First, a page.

“It doesn’t matter which field of the media you come from,” began Hunt, “all people in communication are dealing with the same thing – audience management.” He shared with the audience a seven-point list, which a brand required to be successful with its target.

He said, “What the audience want, knowing where they are and how to find them, what they want, creating alternative messages, get them to your destination, keep them there and make them come back and keep them for long every subsequent time.”

Hunt’s presentation encompassed various techniques of getting to the audience today using techniques that elevate communication from any form of clutter. While most of these are seen on the Indian television already what was fruitful about the presentation was the analysis of the logic behind these innovations.

Hunt presented data that established that in the current scene, where messages are a mix of commercial messages and promos, placement of the two in a programme could make all the difference to the ratings generated by the programme itself.

Emphasising on factors like the promo to be positioned first in a programme, he added, “Today we are looking at integrations. Whether it is promo plus brand plus advertising or content plus brand plus promos, there have to be different ways in which you reach the audience, without switching them off and at the same time giving the brand maximum mileage.”

In the process of establishing the fact that maximising the audience meant maximising the revenues, he introduced various concepts like Situ–mercials, Reverse Product Placement and Brand Promercials. “I believe there has been a large scale revolution in the way promotions are made and while there are no ways to measure the efficacy of the new avenues, these are methods that we have to try and constantly innovate on to capture our audience in the best way possible,” he concluded.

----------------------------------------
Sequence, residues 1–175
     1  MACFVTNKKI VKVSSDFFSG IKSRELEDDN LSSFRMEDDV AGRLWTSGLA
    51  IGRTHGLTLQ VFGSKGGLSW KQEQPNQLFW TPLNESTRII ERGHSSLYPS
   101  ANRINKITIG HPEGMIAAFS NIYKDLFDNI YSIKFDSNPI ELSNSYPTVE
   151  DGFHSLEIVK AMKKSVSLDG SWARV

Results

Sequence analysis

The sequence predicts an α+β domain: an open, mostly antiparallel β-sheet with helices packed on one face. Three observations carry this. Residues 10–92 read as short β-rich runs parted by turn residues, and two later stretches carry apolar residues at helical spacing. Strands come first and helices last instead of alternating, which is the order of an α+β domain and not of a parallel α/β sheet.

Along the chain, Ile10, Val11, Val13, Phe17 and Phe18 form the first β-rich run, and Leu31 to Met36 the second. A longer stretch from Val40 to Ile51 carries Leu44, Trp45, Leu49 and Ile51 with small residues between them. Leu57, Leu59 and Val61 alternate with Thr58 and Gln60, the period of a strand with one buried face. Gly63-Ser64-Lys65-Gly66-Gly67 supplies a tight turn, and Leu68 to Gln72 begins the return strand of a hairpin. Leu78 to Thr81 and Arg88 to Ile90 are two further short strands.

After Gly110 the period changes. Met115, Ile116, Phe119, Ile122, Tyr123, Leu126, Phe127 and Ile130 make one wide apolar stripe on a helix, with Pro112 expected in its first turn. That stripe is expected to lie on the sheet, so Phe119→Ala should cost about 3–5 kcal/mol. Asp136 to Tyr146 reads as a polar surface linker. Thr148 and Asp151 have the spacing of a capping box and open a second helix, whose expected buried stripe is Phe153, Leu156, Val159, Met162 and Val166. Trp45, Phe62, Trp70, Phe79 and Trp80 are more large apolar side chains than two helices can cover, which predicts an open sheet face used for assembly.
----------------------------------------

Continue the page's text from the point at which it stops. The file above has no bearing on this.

Wacky ideas come from the simplest of things: Cyrus Oshidar

The Vice President and General Manager, Creative and Content, MTV Networks India, shared the root of the wacky MTV advertisement in his presentation on ‘All in the mix’.

Oshidar’s presentation too was marked with case studies, largely of the advertising that MTV India is involved in. The first case study was on MTV’s IMMIES. The channel had put together creatives based solely around the lighted suit of the Hindi movie ‘Yaarana’ fame. All communication around the awards used bulb lights in this fashion. Detailing how the theme evolved for this communication, he presented the next case study of MTV Style awards.

The communication here was based on everyday used goods like hammer, iron and the likes and how the channel used them to represent the different award categories making an icon of these utility goods to symbolise various facets of the awards. The third case study was of MTV Youth Icon, which had its own requirements in terms of making the property appear more sophisticated in nature.

He further said, “The show packaging can be pretty but it needn’t necessarily be detailed. The idea still gets through and sticks with the audience. One has to look into factors like layering, fusion, and changing content appropriately and chances are that by the end of it, you have a communication that has made its mark on the audience.”

That was the concluding statement presentation in the first session of the conference.